** They also found replacing fat with carbohydrate increased triglycerides [4] [5] 

Clinical Trials Measuring End-Points (Events and Mortality) 

But we shouldn’t dismiss low fat diets based on findings of observational studies and their effect on blood lipids.  Just as it’s wrong to use observational studies to ‘prove’ there is an effect, it’s also wrong to use them to ‘prove’ there isn’t one either 

To my knowledge, there are two main meta-analyses looking at low fat (fat reduction) and CHD: the same Hooper, et al meta-analysis and the meta-analysis by Skeaff & Miller (who also did one for the fat modification trials*).  The results of the meta-analyses are in the table below: 

CHD Events
CHD Mortality
Total Mortality
Hooper, et al
0.97 (0.87, 1.08)
0.96 (0.82, 1.13)
0.97 (0.90, 1.04)
Skeaff & Miller
0.93 (0.84, 1.04)
1.00 (0.80, 1.24)
0.98 (0.90, 1.06)

Skeaff & Miller only included a trial by Ball, et al and the Women’s Health Initiative (WHI), while Hooper, et al included several others that were either very small (only a few events or deaths in each group), for cancer (mostly breast cancer and one bowel cancer) and one (the DO IT trial) that looks more like a fish oil trial.  So I’m only going to do Ball, et al and the WHI.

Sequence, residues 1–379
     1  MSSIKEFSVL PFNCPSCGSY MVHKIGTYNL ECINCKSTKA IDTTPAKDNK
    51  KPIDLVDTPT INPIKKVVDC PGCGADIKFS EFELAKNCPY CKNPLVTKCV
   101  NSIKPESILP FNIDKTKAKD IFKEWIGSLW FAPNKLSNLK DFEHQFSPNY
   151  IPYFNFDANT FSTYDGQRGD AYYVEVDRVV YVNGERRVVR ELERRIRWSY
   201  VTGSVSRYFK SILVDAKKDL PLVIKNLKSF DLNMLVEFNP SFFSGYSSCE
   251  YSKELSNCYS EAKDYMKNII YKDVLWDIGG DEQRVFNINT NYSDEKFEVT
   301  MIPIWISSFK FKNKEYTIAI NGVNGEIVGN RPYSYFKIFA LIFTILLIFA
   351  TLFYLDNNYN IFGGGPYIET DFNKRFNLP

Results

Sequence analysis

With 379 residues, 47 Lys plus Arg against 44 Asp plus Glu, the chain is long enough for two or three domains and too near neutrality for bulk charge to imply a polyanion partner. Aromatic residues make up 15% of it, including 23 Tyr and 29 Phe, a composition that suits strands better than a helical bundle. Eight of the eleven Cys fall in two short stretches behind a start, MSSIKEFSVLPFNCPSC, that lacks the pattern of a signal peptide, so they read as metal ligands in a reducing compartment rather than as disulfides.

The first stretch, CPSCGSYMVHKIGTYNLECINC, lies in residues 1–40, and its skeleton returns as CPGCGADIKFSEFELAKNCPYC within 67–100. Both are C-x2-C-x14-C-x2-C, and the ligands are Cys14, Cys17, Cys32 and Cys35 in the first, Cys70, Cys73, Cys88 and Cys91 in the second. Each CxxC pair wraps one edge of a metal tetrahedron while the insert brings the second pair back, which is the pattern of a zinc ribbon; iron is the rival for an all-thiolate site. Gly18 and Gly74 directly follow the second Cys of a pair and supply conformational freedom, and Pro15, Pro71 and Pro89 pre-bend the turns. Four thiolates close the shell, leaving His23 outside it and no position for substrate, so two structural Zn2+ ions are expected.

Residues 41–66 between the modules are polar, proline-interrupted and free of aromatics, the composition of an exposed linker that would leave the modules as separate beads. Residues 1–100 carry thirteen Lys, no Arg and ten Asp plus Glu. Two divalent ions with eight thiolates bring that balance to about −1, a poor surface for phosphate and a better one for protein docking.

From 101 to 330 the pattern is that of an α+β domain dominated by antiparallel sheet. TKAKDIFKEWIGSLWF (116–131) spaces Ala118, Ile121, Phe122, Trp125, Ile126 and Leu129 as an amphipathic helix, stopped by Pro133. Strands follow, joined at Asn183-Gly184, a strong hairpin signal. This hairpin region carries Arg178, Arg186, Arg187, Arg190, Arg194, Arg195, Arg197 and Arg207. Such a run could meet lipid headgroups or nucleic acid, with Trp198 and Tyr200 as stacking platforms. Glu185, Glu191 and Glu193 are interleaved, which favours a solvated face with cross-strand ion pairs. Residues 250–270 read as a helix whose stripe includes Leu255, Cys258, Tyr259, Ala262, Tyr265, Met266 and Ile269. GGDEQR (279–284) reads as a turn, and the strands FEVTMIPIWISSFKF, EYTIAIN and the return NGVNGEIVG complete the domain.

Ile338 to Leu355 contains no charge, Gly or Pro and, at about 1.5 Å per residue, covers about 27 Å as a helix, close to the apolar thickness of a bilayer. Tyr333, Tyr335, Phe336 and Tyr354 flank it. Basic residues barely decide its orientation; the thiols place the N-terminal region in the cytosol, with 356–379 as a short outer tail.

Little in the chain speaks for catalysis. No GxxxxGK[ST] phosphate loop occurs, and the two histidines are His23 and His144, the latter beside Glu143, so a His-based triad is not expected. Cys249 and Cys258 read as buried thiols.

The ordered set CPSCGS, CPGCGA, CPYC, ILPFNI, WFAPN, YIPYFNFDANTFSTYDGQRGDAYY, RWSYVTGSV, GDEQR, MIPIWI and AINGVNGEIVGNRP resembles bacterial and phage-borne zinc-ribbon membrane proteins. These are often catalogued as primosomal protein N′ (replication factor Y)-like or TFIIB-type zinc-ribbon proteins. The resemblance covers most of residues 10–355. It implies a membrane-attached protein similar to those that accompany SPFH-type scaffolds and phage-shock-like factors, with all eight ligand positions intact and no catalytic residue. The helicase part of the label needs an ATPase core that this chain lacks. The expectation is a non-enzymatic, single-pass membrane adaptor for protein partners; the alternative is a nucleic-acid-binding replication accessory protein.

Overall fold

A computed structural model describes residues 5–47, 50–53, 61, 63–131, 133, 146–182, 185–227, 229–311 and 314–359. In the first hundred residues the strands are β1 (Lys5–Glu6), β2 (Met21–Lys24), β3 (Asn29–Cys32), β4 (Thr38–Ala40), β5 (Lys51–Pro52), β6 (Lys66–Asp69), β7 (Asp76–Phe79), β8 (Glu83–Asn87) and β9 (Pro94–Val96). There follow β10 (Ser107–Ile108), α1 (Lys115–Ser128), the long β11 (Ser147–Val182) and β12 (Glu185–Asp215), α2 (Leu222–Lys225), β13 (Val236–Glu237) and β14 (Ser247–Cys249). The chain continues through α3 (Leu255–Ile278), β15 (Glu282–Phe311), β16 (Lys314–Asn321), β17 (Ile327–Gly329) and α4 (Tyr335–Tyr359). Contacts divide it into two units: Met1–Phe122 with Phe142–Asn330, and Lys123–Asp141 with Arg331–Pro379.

This won’t limit me (or Skeaff & Miller) that much.  The WHI was a huge trial, lasting 8.1 years with 46,558 participants.  Consequently the WHI has well over 50% of the weighting in statistical analyses, which is probably a main reason why the results of the two meta-analyses are so similar, even though Hooper, et al included several other trials 

* They included Rose (but only compared olive oil to corn oil), LA Vets, MRC, Oslo, Finnish, DART and STARS and found for: CHD events RR = 0.83 (0.69, 1.00), p = 0.073; CHD mortality RR = 0.84 (0.62, 1.12), p = 0.335; and total mortality RR = 0.88 (0.76, 1.02), p = 0.005.  The somewhat positive result isn’t surprising considering their poor trial selection (pretty much as bad as Mozaffarian, et al) 

** My main objection to the fat modification trials was that the trials changed a lot more than SFA and PUFA intakes.  Some accidental changes would be expected when you make a dietary change.  For example: you would expect the control group (higher SFA) to have a higher vitamin A and cholesterol intake and the experimental group (higher PUFA) to have a higher vitamin E intake.  Other changes, like the amount of hydrogenated oil and junk food, is not expected and makes for a poorly controlled trial.  In the fat reduction trials you would expect the low fat diet would have more accidental changes, like increasing intake of vegetables, fruit and grains, as a function of increasing carbohydrate intake 


Despite the dogma that ‘fat will clog your arteries’, low fat diets wouldn’t be expected to reduce CHD based on both observational studies and their effect on blood lipids.  Also, low fat diets haven’t been found to reduce CHD events, CHD mortality or total mortality in clinical trials.